What do I need to do as a candidate?


How much time you dedicate to campaigning is up to you, but the key to being a successful candidate is explaining to eligible voters why they should vote for you. You can do this by completing your online candidate profile with a photo and manifesto, producing posters and flyers, and posting on social media letting people know you're standing.


What should I put in my manifesto?


Check out our Candidate Guide on creating your manifesto for advice on what to include, and how to format it in a way that is engaging and accessible. If you would like to see manifestos from previous candidates please email


How can I upload my manifesto?


Once your nomination has been approved, you will be sent a link where you can upload your manifesto and photo.


What should my posters and flyers say?


Check out our Candidate Guide on creating posters and flyers for advice on what to include on your printed campaign materials.


What should I use to make my posters and flyers?


You can create basic posters and flyers in Microsoft Word, but for more complex designs, many candidates use website like Canva which have hundreds of templates to choose from. If you want to use a programme like Photoshop, the University's Digital Skills Resource Finder has links to both online and in-person courses on using design software.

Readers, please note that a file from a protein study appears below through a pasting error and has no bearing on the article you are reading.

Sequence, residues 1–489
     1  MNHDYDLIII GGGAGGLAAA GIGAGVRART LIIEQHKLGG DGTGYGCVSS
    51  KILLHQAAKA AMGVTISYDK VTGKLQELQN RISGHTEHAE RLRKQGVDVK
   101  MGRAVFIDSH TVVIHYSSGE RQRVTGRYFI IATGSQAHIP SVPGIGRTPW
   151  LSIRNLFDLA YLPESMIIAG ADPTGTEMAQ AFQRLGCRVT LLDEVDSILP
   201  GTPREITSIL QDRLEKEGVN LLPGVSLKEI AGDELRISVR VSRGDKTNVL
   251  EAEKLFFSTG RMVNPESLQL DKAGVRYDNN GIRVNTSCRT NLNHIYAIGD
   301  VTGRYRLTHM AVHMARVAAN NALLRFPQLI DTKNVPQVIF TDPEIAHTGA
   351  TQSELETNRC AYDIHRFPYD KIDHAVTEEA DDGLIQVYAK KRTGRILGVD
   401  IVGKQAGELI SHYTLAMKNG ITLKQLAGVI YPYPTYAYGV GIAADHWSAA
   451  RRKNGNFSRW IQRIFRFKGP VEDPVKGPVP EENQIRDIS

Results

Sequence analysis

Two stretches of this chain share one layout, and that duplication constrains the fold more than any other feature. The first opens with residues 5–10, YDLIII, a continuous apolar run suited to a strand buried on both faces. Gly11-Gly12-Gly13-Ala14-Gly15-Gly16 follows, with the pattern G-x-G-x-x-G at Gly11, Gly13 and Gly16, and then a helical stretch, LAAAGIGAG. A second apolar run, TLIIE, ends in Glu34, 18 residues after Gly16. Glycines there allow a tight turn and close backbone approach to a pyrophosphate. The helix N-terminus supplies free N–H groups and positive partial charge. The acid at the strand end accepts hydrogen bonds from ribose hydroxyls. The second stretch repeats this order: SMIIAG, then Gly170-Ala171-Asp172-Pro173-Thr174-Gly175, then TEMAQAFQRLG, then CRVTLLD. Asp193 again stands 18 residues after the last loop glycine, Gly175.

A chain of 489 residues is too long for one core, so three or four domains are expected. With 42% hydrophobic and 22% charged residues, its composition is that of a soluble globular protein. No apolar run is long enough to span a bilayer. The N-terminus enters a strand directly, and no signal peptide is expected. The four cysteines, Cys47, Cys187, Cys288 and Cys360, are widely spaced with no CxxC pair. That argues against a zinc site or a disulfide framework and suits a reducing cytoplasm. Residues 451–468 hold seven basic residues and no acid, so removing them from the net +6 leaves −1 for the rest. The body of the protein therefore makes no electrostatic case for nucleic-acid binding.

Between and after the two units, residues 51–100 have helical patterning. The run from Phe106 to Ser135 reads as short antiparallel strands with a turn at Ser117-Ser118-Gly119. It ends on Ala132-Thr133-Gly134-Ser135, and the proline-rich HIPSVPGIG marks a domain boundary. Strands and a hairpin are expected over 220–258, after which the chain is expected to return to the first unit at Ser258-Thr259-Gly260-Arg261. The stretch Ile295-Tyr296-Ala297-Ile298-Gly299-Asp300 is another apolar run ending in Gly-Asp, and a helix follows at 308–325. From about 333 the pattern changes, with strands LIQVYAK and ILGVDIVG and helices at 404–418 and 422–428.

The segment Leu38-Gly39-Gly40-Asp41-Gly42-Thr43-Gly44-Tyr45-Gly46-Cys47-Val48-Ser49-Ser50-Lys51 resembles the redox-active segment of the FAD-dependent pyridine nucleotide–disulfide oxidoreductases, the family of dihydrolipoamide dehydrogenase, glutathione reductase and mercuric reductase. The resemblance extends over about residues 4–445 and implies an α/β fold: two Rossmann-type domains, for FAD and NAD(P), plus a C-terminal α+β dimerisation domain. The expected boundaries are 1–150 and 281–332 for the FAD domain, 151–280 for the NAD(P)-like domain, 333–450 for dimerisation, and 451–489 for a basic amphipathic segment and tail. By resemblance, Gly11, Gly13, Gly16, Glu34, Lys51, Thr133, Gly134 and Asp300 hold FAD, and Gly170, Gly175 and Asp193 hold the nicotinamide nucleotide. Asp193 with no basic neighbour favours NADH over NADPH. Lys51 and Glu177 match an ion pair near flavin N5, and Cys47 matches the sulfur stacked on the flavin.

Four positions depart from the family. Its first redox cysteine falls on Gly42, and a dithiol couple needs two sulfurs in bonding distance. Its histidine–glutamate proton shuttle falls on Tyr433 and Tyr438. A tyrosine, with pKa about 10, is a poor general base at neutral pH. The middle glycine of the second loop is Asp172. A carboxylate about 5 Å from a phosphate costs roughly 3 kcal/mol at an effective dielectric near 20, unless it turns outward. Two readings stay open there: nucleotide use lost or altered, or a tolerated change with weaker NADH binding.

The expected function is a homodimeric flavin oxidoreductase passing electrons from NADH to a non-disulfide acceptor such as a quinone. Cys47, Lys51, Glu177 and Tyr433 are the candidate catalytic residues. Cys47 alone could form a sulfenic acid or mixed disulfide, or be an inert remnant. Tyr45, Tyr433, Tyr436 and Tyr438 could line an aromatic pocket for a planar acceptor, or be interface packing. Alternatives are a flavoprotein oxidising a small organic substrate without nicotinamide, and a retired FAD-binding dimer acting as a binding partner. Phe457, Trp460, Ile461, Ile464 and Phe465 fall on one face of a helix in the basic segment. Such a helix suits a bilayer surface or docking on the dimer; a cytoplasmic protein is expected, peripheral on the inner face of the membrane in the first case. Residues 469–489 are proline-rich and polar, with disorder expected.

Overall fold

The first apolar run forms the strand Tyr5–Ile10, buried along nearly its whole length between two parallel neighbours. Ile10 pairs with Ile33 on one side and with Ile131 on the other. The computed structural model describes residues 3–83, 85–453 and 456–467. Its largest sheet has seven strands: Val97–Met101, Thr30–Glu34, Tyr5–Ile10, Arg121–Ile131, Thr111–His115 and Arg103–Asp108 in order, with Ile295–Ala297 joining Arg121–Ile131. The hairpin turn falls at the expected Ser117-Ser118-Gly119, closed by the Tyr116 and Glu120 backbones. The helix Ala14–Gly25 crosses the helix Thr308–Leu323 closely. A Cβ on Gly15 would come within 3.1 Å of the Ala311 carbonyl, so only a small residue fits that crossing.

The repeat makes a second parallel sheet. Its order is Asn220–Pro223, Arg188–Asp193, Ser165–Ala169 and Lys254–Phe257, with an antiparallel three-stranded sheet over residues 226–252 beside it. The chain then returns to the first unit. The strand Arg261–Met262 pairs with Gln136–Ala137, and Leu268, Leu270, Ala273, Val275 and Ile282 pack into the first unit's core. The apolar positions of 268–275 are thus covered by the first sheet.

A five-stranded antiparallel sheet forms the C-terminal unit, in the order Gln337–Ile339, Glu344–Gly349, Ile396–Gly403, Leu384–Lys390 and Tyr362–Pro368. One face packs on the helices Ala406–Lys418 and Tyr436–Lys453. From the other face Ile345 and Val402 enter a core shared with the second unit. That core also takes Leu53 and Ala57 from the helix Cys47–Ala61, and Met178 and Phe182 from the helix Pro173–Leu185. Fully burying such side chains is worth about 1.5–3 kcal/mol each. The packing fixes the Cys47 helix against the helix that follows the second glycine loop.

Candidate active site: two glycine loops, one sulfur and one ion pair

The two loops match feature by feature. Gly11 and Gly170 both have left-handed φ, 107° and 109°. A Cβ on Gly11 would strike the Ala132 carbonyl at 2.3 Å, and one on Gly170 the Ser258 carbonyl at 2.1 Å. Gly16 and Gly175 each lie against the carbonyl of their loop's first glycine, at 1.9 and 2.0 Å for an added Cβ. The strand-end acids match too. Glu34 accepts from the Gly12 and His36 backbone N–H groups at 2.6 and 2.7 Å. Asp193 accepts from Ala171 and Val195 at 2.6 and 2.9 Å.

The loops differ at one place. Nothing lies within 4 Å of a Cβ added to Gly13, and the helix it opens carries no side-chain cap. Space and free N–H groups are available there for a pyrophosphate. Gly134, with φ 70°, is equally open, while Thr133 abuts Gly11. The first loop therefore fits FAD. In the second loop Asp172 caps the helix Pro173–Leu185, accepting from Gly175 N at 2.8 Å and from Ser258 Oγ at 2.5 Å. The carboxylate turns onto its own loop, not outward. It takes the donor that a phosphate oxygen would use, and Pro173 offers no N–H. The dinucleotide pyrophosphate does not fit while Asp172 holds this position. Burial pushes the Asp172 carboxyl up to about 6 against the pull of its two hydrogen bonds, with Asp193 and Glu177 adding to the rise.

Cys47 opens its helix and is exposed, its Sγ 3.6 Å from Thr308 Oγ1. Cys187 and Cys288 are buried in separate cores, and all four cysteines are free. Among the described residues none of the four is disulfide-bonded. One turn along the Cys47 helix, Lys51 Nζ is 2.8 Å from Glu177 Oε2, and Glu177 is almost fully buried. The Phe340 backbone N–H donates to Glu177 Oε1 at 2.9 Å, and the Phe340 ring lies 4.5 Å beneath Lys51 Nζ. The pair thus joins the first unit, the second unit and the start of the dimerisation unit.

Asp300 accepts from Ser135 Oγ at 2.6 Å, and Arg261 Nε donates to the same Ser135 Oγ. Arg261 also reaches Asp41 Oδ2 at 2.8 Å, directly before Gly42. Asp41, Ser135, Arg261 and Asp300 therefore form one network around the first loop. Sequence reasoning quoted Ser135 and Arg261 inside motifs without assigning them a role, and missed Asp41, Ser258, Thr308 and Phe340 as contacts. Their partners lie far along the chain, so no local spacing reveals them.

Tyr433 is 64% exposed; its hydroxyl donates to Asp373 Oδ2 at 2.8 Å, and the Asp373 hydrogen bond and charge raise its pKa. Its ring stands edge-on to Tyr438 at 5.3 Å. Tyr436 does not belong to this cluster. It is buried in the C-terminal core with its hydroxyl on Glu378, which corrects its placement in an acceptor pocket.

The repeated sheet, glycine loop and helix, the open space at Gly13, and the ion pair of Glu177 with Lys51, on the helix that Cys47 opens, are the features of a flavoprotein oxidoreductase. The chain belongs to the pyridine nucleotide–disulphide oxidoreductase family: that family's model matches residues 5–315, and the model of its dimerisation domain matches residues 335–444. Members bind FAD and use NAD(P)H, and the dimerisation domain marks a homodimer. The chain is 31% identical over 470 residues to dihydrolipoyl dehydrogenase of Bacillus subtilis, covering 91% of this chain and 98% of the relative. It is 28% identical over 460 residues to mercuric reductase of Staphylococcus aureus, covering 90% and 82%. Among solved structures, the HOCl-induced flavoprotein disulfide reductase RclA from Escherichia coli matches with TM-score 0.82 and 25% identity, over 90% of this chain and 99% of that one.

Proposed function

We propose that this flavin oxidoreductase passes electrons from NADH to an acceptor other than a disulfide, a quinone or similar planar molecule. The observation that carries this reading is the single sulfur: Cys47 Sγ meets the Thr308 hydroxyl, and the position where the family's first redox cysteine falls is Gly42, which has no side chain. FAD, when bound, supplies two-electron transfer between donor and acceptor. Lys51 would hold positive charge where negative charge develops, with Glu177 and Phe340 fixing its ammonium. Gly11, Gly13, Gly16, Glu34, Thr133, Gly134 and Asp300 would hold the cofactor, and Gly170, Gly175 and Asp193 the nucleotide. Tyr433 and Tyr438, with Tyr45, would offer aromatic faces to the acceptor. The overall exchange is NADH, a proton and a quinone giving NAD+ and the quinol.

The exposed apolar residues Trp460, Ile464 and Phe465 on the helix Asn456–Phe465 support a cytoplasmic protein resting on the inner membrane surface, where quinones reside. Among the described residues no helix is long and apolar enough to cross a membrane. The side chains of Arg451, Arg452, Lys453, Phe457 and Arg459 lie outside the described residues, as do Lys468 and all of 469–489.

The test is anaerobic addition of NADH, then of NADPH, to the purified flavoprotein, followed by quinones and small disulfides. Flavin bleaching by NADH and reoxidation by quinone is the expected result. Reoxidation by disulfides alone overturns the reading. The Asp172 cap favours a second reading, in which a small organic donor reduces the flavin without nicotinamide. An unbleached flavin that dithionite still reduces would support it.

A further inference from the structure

How can I get posters and flyers printed?


If you want to produce printed materials you have four options:

  1. Print them using your own printer, or a printer belonging to one of your friends: This works well for basic posters and flyers - just remember to keep any receipts for paper or ink you purchase as part of your campaign, as these can be claimed back through our candidate expenses process.
  2. Print them using Library printersIf you're only printing a small number of posters or flyers, and don't have access to a printer at home, then you can use the University Library's printing facilities. Just remember to keep a record of any print credits you purchase to print campaign materials, as these can be claimed back through our candidate expenses process.
  3. Print them through a commercial printing company: If you're looking for glossy posters and flyers then you may want to consider printing them through a commercial printing company - there are plenty in Edinburgh and online. Just remember to keep any receipts as these can be claimed back through our candidate expenses process.